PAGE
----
Our final morning in the USA was not off to a great start.

“So. Have you seen the passports?”

Well, the last time either of us remembered seeing them was two days earlier in a hotel room in San Luis Obispo. Several hours drive away, on the other side of Los Angeles.

Several deep breaths later, we had time to calm down from the initial shock of our passports not being in the same place we had been keeping them for the previous five months and started to actually use our brains again.

Luckily the passports were not sitting in a hotel room a long way from where we currently were. They were sitting in the truck, in their new, clever hiding place that had outwitted us both. Even Ben, who had put them there just two days earlier.

We were pleased that we were just massive dorks and not massive dorks who had a lot of driving to do, nor we were massive dorks who did a lot of driving they didn’t need to do, nor massive dorks who needed to order new passports. To celebrate, we made for the nearest coffee shop in the hope of kick-starting our brains and preventing any other unnecessary stresses as we prepared to leave for Mexico.

We still had a couple of items to shop for, but after an accidentally expensive trip on the toll road we didn’t mean to drive on, we realised that the shops we had wanted to visit were in fact shut. Foiled by one last holiday weekend.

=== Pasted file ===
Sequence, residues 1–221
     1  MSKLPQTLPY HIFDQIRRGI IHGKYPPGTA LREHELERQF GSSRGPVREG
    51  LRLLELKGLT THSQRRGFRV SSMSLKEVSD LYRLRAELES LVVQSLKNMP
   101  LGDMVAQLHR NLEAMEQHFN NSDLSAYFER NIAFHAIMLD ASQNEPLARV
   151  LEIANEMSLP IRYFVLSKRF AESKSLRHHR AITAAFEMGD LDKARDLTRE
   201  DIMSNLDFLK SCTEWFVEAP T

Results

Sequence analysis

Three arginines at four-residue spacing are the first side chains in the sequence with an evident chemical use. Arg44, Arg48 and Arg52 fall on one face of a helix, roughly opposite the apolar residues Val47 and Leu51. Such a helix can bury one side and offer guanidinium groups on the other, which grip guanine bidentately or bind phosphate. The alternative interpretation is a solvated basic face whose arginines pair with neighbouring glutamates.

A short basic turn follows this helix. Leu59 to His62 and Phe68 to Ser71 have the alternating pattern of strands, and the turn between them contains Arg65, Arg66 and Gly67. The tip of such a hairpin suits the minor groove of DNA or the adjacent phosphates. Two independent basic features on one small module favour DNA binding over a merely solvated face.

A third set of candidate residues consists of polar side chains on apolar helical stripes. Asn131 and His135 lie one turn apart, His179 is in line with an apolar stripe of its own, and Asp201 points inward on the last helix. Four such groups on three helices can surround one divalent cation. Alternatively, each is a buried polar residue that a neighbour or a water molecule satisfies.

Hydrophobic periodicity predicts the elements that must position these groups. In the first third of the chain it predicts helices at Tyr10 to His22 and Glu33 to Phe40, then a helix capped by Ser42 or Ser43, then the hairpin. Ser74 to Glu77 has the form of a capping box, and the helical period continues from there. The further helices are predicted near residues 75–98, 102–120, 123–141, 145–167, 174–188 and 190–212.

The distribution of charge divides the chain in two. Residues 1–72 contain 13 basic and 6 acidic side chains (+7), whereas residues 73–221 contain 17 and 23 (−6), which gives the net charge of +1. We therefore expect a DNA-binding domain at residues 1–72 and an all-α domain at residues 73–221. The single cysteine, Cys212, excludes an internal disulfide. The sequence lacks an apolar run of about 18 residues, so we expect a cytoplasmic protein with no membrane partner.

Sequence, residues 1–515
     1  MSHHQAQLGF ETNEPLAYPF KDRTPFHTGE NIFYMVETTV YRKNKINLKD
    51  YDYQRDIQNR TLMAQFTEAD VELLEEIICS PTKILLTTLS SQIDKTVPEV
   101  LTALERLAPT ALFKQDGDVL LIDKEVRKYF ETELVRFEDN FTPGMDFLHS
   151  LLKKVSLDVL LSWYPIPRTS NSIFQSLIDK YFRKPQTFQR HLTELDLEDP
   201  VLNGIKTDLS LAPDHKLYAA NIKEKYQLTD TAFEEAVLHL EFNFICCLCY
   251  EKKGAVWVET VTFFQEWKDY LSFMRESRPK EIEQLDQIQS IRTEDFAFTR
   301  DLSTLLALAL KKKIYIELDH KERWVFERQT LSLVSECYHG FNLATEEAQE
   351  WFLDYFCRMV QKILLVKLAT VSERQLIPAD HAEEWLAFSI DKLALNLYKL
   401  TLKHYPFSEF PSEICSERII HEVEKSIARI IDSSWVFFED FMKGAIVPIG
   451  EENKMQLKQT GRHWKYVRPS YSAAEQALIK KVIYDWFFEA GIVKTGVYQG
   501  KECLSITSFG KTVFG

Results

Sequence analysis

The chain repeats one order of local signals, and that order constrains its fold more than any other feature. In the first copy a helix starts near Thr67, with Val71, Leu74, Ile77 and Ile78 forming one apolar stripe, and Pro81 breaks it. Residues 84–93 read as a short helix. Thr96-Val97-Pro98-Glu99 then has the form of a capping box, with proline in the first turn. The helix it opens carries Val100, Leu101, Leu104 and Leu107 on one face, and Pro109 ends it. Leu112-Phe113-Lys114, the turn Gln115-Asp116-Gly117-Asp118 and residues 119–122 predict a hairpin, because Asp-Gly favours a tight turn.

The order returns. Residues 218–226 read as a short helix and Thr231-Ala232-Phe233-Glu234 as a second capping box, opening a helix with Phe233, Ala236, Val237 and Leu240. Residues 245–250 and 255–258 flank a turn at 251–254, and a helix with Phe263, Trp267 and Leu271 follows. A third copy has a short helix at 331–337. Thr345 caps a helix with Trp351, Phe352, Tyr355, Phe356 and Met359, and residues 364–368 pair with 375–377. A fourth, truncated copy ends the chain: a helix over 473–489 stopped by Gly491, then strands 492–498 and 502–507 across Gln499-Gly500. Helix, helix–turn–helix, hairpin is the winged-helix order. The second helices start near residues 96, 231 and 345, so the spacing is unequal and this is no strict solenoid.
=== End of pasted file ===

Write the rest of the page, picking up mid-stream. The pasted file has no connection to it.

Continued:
After a bit more of the day was spent using up our bag of small change in the self check-outs in Walmart. (It takes a long time to feed enough pennies into the checkout to buy a stove top toaster, just for the record). We finally felt ready to cross the border. We probably weren’t, but we did anyway.

last exit

It was as we drove through into Tijuana that we realised that we had been so focused on leaving the USA that we had completely forgotten to plan for Mexico. Our data plan had expired on our phone, but fortunately, before we had left the campground that morning we had looked up the location of an RV park we could stay at that evening. But that was about it.

We had driven through the border without any trouble. Except for the fact that Emma was sure we needed to get our passports stamped or something. Ben was sure that they would have stopped us if we did, so he just followed the other traffic and kept driving—despite the increasingly urgent squeaks of disapproval from Emma. It wasn’t until after several minutes of searching, Emma found the information to prove that a tourist card was required for any stay of longer than 72 hours or travel south of Ensenada. Given the distance between us and Guatemala, we felt this would probably be handy.